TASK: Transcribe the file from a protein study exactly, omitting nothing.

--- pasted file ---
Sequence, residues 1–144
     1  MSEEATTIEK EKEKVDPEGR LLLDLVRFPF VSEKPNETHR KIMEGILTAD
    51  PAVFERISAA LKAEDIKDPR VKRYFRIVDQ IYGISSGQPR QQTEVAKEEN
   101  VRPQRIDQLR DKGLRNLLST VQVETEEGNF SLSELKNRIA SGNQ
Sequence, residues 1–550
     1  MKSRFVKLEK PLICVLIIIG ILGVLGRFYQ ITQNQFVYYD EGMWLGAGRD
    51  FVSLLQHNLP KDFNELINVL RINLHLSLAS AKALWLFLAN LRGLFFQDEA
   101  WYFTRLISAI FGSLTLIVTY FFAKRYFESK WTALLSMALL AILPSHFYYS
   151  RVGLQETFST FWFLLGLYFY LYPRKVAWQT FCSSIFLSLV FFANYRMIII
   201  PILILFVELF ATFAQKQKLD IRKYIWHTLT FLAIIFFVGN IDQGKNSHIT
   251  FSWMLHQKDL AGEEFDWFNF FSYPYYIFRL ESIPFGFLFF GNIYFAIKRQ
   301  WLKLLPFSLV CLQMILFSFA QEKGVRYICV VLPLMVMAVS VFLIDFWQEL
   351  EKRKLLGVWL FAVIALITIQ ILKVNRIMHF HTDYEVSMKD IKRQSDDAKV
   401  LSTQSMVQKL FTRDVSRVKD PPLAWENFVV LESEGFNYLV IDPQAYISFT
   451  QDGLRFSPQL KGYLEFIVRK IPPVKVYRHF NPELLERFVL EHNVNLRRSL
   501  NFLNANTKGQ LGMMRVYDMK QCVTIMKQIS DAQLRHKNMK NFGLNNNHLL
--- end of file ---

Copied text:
Sequence, residues 1–144
     1  MSEEATTIEK EKEKVDPEGR LLLDLVRFPF VSEKPNETHR KIMEGILTAD
    51  PAVFERISAA LKAEDIKDPR VKRYFRIVDQ IYGISSGQPR QQTEVAKEEN
   101  VRPQRIDQLR DKGLRNLLST VQVETEEGNF SLSELKNRIA SGNQ
Sequence, residues 1–550
     1  MKSRFVKLEK PLICVLIIIG ILGVLGRFYQ ITQNQFVYYD EGMWLGAGRD
    51  FVSLLQHNLP KDFNELINVL RINLHLSLAS AKALWLFLAN LRGLFFQDEA
   101  WYFTRLISAI FGSLTLIVTY FFAKRYFESK WTALLSMALL AILPSHFYYS
   151  RVGLQETFST FWFLLGLYFY LYPRKVAWQT FCSSIFLSLV FFANYRMIII
   201  PILILFVELF ATFAQKQKLD IRKYIWHTLT FLAIIFFVGN IDQGKNSHIT
   251  FSWMLHQKDL AGEEFDWFNF FSYPYYIFRL ESIPFGFLFF GNIYFAIKRQ
   301  WLKLLPFSLV CLQMILFSFA QEKGVRYICV VLPLMVMAVS VFLIDFWQEL
   351  EKRKLLGVWL FAVIALITIQ ILKVNRIMHF HTDYEVSMKD IKRQSDDAKV
   401  LSTQSMVQKL FTRDVSRVKD PPLAWENFVV LESEGFNYLV IDPQAYISFT
   451  QDGLRFSPQL KGYLEFIVRK IPPVKVYRHF NPELLERFVL EHNVNLRRSL
   501  NFLNANTKGQ LGMMRVYDMK QCVTIMKQIS DAQLRHKNMK NFGLNNNHLL